110 THE ENZYME TREATMENT OF CANCER
certain microscopical preparations of transient ganglion cells, parts of the asexual generation of a dogfish. These may be taken to typify the trophoblast of a mammal or the cells of a malignant tumour. The preparations show:
(a) cells in full functional activity prior to the critical period, and (b) cells which, with the passing of the critical phase, have entered upon their long, slow course of degeneration by simple atrophy. It would have been preferable to exhibit preparations of trophoblast, but those made after this method some years ago are now faded. The facts in the two cases, the mammal (sheep, pig, and others) and the fish (Scyllium, Raja, and others), are, however, quite similar. There is, indeed, only one mode of development in vertebrate animals. Freshly made preparations of human trophoblast of, say, the fifth and ninth weeks of gestation would display the like bloom on the one side of the critical period and the same decay on the other. Such figures of mammalian trophoblast have, indeed, been published already in the writings of my friend Dr. J. P. Hill.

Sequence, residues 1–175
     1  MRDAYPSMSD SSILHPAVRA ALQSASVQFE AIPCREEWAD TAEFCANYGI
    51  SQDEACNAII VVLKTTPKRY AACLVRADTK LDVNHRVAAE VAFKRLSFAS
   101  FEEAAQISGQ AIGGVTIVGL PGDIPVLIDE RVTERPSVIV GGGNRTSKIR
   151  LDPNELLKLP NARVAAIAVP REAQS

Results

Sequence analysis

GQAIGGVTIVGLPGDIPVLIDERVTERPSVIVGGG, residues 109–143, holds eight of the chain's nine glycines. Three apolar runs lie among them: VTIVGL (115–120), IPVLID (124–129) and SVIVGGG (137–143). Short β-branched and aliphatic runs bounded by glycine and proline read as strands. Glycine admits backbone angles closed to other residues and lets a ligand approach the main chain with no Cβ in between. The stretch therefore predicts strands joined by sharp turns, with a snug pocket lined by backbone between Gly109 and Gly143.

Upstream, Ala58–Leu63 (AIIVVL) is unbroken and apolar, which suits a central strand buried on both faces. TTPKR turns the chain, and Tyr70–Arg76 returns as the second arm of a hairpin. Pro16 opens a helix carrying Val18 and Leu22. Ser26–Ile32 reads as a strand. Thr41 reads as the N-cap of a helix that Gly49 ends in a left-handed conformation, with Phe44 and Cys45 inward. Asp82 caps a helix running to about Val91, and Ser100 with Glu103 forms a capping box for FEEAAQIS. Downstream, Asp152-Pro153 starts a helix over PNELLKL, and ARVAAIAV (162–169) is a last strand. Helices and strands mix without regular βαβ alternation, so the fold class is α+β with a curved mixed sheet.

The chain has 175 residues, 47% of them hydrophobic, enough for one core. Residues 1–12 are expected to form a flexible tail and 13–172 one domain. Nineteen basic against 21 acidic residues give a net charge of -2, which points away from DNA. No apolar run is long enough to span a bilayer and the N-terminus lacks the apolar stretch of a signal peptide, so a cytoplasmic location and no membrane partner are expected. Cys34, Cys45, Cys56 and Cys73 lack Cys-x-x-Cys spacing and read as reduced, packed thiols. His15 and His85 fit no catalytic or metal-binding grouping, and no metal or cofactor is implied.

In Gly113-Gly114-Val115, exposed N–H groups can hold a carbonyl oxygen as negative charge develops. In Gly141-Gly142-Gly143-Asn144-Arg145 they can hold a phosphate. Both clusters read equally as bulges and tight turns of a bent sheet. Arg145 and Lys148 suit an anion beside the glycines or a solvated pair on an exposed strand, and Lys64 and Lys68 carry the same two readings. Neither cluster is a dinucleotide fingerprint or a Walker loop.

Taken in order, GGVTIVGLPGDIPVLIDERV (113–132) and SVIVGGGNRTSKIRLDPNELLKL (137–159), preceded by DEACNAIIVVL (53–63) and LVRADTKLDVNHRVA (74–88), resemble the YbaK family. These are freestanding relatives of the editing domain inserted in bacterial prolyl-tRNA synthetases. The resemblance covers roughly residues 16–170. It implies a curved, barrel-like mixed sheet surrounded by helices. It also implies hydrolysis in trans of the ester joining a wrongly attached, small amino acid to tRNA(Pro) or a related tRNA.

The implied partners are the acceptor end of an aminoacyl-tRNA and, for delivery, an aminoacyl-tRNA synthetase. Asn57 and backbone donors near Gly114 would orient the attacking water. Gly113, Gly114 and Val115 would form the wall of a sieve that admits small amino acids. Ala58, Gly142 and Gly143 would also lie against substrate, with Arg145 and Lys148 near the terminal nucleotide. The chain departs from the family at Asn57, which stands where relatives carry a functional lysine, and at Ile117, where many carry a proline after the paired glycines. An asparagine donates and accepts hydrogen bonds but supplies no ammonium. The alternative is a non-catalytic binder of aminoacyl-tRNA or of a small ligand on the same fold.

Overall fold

The question which I wish to discuss is one which interested me exceedingly some years ago, long before its significant hearings upon the cancer problem were obvious. In a nutshell it is this: Why do these and certain other cells of a fish development, like those of the mammalian trophoblast, go on flourishing for a certain definite portion of the early development, whilst the parts of the sexual generation, “the embryo,” are unfolding, and then with an almost tragic suddenness commence to degenerate and die? What brings this remarkable change to pass, one which in human development is lacking, if “the embryo” be absent or very abnormal?
Cancer is an irresponsible trophoblast. The unfolding